Where passion meets purpose: a deep dive into Bow Valley College’s Black Entrepreneur Project led by Bunmi Obateru
Bunmi Obateru is a researcher at Bow Valley College who is making waves in the community and was recently recognized by the Immigrant Champions of Canada for her work with Black immigrants. Bunmi started her journey at Bow Valley College in 2018 as an instructor at the Chiu School of Business. She came to the College with a strong post-secondary background and experience in participatory research with Alberta’s newcomer populations. Considering her passion for research and education, Bunmi was excited when Bow Valley College’s President and CEO, Dr. Misheck Mwaba, shared his vision about the importance of applied research in the College community.
“I was inspired to keep an eye out for opportunities to contribute to the vision. When the federal government established the $200 million Black Entrepreneur Program to help Canadian Black entrepreneurs equitably grow and operate their businesses, I saw this as an opportunity for Bow Valley College to become involved in applied research, so I proposed the initiative,” Bunmi says. This led to her current role as Lead Researcher of Bow Valley College’s Black Entrepreneur Project.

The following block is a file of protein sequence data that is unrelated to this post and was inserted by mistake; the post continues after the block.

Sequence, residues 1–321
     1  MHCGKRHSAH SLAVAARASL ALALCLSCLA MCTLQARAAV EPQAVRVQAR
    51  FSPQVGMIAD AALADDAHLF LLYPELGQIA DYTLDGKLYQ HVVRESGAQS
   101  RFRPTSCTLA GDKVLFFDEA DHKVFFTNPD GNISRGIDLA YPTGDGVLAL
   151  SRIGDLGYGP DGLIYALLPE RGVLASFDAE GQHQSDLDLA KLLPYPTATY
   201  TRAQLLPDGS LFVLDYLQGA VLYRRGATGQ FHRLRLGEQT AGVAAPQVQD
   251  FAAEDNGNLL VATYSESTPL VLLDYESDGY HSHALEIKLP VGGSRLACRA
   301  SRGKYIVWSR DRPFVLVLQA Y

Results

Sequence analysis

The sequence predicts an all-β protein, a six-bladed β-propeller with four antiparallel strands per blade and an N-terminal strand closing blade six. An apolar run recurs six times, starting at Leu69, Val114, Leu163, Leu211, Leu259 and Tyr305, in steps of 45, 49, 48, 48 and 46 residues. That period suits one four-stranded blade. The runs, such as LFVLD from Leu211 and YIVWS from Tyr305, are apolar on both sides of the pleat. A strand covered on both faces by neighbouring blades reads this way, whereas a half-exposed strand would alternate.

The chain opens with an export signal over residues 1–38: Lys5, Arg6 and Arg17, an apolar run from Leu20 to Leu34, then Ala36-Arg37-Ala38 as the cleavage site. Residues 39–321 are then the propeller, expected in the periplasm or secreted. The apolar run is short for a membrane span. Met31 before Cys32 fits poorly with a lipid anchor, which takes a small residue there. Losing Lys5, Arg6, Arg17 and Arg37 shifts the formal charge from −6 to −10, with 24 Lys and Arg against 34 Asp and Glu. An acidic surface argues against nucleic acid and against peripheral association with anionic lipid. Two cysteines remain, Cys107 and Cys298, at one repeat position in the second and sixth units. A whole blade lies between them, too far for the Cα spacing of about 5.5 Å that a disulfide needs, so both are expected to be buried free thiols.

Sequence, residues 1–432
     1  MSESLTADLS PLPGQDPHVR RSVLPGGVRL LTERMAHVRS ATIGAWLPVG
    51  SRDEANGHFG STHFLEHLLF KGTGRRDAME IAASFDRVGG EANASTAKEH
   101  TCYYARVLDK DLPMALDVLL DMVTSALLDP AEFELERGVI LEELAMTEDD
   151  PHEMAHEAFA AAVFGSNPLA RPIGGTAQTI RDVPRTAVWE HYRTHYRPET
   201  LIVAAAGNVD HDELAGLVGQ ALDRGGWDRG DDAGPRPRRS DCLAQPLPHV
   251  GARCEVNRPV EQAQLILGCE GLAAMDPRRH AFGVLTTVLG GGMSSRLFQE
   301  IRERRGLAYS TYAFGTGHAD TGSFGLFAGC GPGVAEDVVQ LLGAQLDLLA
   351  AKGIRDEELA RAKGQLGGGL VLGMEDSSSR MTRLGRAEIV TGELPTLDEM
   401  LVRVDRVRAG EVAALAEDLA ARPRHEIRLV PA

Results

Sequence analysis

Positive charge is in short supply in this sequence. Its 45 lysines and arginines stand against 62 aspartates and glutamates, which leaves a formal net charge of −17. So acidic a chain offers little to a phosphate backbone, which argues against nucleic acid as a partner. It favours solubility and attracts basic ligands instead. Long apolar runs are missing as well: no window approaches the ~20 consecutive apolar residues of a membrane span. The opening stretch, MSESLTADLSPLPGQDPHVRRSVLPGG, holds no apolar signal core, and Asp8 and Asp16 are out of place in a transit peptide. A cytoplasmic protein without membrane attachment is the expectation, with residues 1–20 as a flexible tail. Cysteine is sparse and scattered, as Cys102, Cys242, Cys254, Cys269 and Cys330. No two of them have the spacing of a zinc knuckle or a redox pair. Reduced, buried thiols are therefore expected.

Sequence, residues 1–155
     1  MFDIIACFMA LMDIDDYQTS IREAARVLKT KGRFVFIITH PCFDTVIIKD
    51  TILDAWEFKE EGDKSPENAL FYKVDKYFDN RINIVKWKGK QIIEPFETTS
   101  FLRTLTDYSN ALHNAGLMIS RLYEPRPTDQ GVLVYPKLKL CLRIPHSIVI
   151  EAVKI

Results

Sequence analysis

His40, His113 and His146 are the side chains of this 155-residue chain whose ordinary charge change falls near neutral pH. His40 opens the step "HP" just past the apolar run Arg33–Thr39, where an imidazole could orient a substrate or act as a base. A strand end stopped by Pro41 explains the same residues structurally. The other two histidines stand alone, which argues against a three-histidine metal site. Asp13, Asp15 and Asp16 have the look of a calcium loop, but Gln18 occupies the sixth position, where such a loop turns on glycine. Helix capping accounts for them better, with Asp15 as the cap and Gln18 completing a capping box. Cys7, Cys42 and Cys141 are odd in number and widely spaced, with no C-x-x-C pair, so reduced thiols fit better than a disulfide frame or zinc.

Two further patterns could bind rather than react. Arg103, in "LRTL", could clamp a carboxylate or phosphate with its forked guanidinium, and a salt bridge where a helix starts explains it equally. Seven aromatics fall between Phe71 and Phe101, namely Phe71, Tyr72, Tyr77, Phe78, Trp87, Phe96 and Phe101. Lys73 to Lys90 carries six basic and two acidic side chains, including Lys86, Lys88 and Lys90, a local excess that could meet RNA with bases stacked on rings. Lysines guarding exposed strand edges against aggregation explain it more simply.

The Black Entrepreneur Project is an initiative that uses student-supervised applied research to drive social innovation. Bunmi aims to use research to connect Bow Valley College to larger communities and industries. “Research suggests that up to 70% of Alberta's Black population are immigrants; and that they import a diversity of entrepreneurial skill, education, and business experience,” Bunmi says. “The goal of this initiative is to investigate the barriers immigrants face and create impactful real-life solutions which are measurable and sustainable.”
Supported by the leadership and expertise of Dean Alison Anderson and Special Advisor Tanya MacDonald, the Black Entrepreneur Project has identified its academic focus: entrepreneurship in the immigrant Black community. Bunmi has recently completed several grant-funding activities: The 3-year $360,000 College-Community Social Innovation Fund (NSERC-CCSIF), the $15,000 MITACS Accelerate fund, and up to $100,000 with the Calgary Foundation Community Grants Fund.
When asked about the impact she hopes to make with her research, Bumni highlights the real-life opportunities the Black Entrepreneur Project provides for Bow Valley College students. “It’s an opportunity for our learners to apply course-based knowledge to help entrepreneurs in real-time; within the context of intersectionality, social justice, and social innovation,” she says. “BVC provides an equitable space where an increasing number of entrepreneurs from marginalized communities can build capacity. The new research generated can inform the equity, diversity, and inclusion initiatives within the Alberta innovation ecosystem.”
Bunmi describes being recognized by the Immigrant Champions of Canada as a humbling experience. “I acknowledge the dedicated team of BVC professionals whom I have worked with on this journey. The award inspires me to continue to find ways to make a meaningful difference.”